|Matthew Henry's Concise Commentary|
1:1-5 Our Lord told the disciples the work they were to do. The apostles met together at Jerusalem; Christ having ordered them not to depart thence, but to wait for the pouring out of the Holy Spirit. This would be a baptism by the Holy Ghost, giving them power to work miracles, and enlightening and sanctifying their souls. This confirms the Divine promise, and encourages us to depend upon it, that we have heard it from Christ; for in Him all the promises of God are yea and amen.
Verse 2. - Received for taken, A.V.; commandment for commandments, A.V.; after that he had given commandment through the Holy Ghost for after that he through the Holy Ghost had given commandments, A.V. The commandment or directions given by our Lord to the apostles between the Resurrection and the Ascension are recorded partly in Luke 24:44-49; Matthew 28:19, 20; Mark 16:15-18; John 21; and yet more fully in vers. 3-8 of this chapter. Through the Holy Ghost. The sense is certain. Jesus gave his charge to his apostles through the Holy Ghost. It was by the Holy Ghost abiding in him that he spake to the apostles. This is the repeated declaration of Holy Scripture. "The Spirit of the Lord is upon me" (Isaiah 61:1; Luke 4:18; Acts 10:38. See also Luke 4:1; Matthew 12:28; Hebrews 9:14; and for the construction, Acts 11:28; Acts 21:4). Received up (ἀνελήφθη); the stone word as is used in the Septuagint of Elijah (2 Kings 2:10, 11). In Luke 24:5 it is carried up. (ἀνεφέρετο)
Gill's Exposition of the Entire Bible
Until the day in which he was taken up,.... That is, into heaven. The historian suggests, that his former treatise took in the main and principal things Jesus did and taught, until such time that he ascended to heaven:
after that he, through the Holy Ghost, had given commandments unto the apostles, whom he had chosen: our Lord having chosen twelve of his own free grace and goodness, and not according to their worth and merit, to be his apostles, a little before his ascension to heaven, gave them more express and explicit commands and orders where they should go, into all the world, to all nations; and what they should preach, the whole Gospel, salvation by faith in him, and particularly repentance and remission of sins; and what ordinances they should require believers to attend to; and how they themselves should conduct and behave in their work: the phrase, "through the Holy Ghost", may either be read in connection with "had given commandments", as the Vulgate and Arabic versions read, and as we do; and the sense be, that these commands which Christ gave to his apostles, were not merely his orders, as man, but were what the Holy Ghost was equally concerned in with him, and were from him as God, and so carried a divine authority with them; and at the same time that he gave them to them, he breathed into them the Holy Ghost, whereby they had a more clear view of his doctrines and ordinances, and were more qualified to minister them; and besides, had an intimation given them, that they might expect still greater gifts of the Holy Ghost: or it may be read with the latter clause, "whom he had chosen"; as in the Syriac and Ethiopic versions; and then the meaning is, that just before his being taken up to heaven, he gave some special orders and directions to his apostles, whom he had chosen to that office through the Holy Ghost, and not through human affection in him, or according to any desert of theirs; but as under the influence of the Holy Spirit, with which, as man, he was anointed without measure; and whose gifts and graces he communicated to his disciples, to fit them for the service to which they were appointed: or with the apostles; they being sent by the Holy Ghost, as well as by Christ.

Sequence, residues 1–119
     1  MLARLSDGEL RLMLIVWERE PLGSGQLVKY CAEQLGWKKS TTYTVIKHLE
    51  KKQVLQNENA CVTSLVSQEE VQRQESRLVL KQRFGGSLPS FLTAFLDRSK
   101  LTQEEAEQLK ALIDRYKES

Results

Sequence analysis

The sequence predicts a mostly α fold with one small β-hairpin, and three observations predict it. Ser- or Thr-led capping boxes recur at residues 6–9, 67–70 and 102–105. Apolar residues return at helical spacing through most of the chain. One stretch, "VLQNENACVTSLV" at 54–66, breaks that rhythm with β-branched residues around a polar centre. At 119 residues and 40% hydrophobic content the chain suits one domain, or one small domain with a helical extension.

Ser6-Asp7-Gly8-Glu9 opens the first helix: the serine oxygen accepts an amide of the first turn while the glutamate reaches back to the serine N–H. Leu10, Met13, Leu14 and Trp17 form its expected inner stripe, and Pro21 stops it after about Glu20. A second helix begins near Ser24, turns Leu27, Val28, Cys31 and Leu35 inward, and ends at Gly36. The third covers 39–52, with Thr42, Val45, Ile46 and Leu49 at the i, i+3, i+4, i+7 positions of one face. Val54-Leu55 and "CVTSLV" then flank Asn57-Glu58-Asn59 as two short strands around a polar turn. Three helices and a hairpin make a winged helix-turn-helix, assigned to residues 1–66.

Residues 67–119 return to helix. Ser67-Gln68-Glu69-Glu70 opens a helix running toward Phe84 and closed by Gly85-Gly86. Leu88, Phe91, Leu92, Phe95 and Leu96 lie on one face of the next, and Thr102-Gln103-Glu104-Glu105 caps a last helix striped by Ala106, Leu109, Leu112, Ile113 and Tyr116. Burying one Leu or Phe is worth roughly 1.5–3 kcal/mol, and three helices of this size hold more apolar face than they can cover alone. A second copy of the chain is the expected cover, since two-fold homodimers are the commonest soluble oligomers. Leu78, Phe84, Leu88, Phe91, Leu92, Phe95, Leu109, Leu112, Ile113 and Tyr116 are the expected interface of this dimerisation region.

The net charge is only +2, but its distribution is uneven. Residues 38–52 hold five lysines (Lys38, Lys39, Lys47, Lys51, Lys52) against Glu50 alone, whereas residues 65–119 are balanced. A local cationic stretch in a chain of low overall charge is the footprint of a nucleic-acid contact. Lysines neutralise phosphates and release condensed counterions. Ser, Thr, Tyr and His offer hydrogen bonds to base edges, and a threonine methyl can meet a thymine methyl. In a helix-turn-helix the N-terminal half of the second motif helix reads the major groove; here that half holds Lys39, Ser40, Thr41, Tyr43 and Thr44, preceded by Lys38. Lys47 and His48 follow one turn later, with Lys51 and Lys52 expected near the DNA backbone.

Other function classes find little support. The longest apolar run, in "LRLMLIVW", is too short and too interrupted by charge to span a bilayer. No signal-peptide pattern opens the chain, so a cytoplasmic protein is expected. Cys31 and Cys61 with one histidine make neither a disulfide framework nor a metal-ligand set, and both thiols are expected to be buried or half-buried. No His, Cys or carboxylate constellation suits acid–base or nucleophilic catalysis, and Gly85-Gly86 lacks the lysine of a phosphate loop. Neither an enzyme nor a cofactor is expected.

Jamieson-Fausset-Brown Bible Commentary
2. after that he, through the Holy Ghost, had given commandments, &c.—referring to the charge recorded in Mt 28:18-20; Mr 16:15-18; Lu 24:44-49. It is worthy of notice that nowhere else are such communications of the risen Redeemer said to have been given "through the Holy Ghost." In general, this might have been said of all He uttered and all He did in His official character; for it was for this very end that God "gave not the Spirit by measure unto Him" (Joh 3:34). But after His resurrection, as if to signify the new relation in which He now stood to the Church, He signalized His first meeting with the assembled disciples by breathing on them (immediately after dispensing to them His peace) and saying, "Receive ye the Holy Ghost" (Joh 20:22) thus anticipating the donation of the Spirit from His hands (see on Joh 20:21, 22); and on the same principle His parting charges are here said to have been given "through the Holy Ghost," as if to mark that He was now all redolent with the Spirit; that what had been husbanded, during His suffering work, for His own necessary uses, had now been set free, was already overflowing from Himself to His disciples, and needed but His ascension and glorification to flow all forth. (See on Joh 7:39.)
Acts 1:2 Parallel Commentaries
Acts 1:2 NIV
Acts 1:2 NLT
Acts 1:2 ESV
Acts 1:2 NASB
Acts 1:2 KJV
Bible Hub: Online Parallel Bible